Leaders of the American Airlines pilots union say they'll consider concessions to help the nation's largest carrier survive the long slump gripping the U.S. airline industry. The union leaders voted to open preliminary talks aimed at easing work rules to raise productivity at the Fort Worth-based airline. For example, pilots could be asked to fly longer hours each month. Allied Pilots Association directors voted 12-to-6 to authorize talks with company management. Union President Ralph Hunter ruled out negotiations on pay cuts, benefit reductions or layoffs. But he says the union should begin preliminary talks soon--waiting could only lead to more drastic cuts if American's financial situation worsens. Hunter said the union's 13,000 pilots would have final say on any contract changes.
Aetna says it will pay doctors more to screen and treat depression, in a program to be tested in areas like Texas where the company has already trained doctors for it. The program could be introduced nationally after an independent evaluation. Aetna will pay primary care doctors higher fees to ask patients questions that may reveal depression. The National Institutes of Health says about one in ten adults in the U>S> has a depressive disorder.
Coal property owner and manager Natural Resource Partners is reporting an 11 percent increase in third-quarter earnings despite ongoing coal production problems. NRP earned $21.5 million in the quarter ending September 30th. That's up from $19.4 million in the same year-ago period. The company is based in Houston and has its operational headquarters in Huntington, West Virginia. It says it expects to reach the upper end of its previously announced revenue guidance of $143 to $150 million for the year, with net income of between $75 and $85 million. Nick Carter is NRP's chief operating officer. He says production problems due to labor, permitting and transportation issues were offset by increases in coal royalties. NRP is a master limited partnership originally formed by properties owned by Arch Coal and the privately held WPP Group.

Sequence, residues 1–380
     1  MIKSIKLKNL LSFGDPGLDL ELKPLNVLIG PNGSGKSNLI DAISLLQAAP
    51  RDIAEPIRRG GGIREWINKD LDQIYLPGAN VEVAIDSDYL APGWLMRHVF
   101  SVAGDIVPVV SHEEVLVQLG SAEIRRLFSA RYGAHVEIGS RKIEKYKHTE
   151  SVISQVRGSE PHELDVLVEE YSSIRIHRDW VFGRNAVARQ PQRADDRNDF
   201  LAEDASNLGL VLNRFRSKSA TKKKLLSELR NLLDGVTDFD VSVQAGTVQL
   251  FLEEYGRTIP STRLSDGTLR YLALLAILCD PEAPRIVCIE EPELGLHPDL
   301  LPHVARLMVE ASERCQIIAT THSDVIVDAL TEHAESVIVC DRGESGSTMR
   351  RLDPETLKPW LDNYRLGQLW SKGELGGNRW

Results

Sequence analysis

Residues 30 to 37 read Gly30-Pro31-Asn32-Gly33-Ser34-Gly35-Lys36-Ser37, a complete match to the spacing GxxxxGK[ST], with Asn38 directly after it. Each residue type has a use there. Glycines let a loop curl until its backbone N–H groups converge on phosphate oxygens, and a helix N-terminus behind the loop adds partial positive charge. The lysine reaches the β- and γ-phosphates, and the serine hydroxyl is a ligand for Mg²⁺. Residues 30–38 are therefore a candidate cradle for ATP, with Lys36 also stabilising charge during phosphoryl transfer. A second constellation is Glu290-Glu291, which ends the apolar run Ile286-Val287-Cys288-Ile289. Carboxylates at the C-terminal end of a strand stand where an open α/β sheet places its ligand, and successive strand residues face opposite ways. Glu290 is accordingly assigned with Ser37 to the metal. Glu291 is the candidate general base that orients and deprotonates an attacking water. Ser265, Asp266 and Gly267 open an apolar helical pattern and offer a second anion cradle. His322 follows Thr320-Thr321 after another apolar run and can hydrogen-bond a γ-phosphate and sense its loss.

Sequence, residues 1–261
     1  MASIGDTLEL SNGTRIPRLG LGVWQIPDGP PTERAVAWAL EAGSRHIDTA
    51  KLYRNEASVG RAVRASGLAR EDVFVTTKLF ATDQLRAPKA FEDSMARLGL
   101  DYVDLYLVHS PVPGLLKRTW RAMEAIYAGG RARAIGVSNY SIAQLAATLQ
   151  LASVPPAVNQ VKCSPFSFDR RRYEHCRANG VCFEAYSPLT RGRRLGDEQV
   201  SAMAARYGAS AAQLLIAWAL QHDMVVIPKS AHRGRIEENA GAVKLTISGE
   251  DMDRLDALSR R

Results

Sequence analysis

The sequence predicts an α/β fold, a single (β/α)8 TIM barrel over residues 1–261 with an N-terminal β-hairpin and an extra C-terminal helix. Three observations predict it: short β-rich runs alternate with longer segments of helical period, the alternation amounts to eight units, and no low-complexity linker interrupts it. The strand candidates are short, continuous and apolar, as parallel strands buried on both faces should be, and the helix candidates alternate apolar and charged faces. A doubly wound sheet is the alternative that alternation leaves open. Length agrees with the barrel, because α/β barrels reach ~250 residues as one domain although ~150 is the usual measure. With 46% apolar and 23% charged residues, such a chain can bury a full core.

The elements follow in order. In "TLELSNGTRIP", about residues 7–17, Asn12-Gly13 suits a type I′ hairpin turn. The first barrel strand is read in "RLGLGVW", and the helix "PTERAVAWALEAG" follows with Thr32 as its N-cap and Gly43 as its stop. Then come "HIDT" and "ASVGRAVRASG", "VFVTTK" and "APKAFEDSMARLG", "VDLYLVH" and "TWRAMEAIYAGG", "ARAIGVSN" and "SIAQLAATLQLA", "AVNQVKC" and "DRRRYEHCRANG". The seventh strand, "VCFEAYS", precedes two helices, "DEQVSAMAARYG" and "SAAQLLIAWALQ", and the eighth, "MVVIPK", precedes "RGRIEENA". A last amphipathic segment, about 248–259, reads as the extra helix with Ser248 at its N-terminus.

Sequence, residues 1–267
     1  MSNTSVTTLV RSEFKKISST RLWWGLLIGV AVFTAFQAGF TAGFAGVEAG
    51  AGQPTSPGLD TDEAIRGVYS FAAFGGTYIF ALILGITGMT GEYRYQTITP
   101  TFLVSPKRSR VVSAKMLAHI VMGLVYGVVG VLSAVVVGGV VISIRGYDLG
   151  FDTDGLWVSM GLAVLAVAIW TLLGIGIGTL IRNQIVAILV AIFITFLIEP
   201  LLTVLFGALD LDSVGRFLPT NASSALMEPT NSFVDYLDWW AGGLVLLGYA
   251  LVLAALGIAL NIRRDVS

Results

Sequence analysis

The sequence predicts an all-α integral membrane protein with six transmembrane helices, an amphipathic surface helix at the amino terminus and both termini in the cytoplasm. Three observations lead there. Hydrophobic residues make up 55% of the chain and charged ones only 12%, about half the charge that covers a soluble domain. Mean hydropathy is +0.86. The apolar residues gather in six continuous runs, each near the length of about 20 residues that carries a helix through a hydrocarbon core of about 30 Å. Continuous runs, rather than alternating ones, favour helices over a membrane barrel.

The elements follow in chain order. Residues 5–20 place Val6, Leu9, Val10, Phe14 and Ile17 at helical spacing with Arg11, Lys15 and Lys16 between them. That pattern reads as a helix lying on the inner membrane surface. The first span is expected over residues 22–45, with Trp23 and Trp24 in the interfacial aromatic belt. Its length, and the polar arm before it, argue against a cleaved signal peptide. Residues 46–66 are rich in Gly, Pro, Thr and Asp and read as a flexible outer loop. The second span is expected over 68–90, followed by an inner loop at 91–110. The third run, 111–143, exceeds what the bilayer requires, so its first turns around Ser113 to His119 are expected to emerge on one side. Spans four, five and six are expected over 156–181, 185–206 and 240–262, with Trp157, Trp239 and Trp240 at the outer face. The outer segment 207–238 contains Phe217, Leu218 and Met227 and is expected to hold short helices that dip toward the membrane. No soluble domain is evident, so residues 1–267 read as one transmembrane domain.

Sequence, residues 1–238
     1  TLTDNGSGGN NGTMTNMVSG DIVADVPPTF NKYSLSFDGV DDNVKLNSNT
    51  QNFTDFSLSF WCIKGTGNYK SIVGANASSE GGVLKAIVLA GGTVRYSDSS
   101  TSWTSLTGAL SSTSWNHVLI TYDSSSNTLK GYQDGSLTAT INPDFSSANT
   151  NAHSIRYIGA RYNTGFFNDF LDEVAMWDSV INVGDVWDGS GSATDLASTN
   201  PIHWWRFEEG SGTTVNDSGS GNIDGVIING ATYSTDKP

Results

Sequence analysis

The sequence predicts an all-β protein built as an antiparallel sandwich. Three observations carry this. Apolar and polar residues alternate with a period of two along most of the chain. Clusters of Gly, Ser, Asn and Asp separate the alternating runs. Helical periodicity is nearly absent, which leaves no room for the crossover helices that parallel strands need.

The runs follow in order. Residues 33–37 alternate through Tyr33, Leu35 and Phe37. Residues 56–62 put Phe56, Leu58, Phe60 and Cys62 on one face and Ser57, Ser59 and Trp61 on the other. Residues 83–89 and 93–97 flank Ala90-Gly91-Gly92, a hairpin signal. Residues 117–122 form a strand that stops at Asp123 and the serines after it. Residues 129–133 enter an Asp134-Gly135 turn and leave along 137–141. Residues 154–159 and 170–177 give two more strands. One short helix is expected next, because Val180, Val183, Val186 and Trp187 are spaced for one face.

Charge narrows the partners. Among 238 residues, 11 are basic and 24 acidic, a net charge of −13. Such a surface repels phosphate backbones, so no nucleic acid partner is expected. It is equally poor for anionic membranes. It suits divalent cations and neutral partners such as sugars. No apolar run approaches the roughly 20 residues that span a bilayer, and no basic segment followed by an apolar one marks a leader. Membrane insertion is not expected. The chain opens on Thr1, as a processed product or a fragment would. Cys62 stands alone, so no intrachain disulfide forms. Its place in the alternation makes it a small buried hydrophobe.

Houston-based oilfield services firm Smith International has acquired Nunez Oil Field Pipe, primarily serving the Permian Basin and East Texas markets. Odessa-based Nunez rents and repairs drill pipe, tubing, drill collars and blow-out preventers used in the drilling and completion of oil and natural gas wells.
Los Angeles-based SCI Real Estate Investments is buying the Price Plaza Shopping Center in Katy from San Diego-based USA Properties in a $37.6 million deal, according to the Houston Business Journal. The center on the northwest corner of I-10 and Fry Road will then be sold to tenant-in-common investors in deals that allow investors to re-invest proceeds from the sale into other properties as tax benefits.
Ted's Montana Grill is leasing space in the Sugar Land Town Center for a new restaurant. The chain, owned by billionaire Ted Turner, specializes in bison meat dishes, with 45 restaurants nationwide.
A Houston billionaire has announced that he will donate $35 million to Texas A&M University to help build two physics facilities. George Mitchell said he hopes his donation will help boost the College Station campus's reputation in the sciences. Mitchell made his money in oil, gas and land development. The donation will go toward building the George P. And Cynthia W. Mitchell Institute for Fundamental Phases and Astronomy, and the George P. Mitchell '40 Physics Building.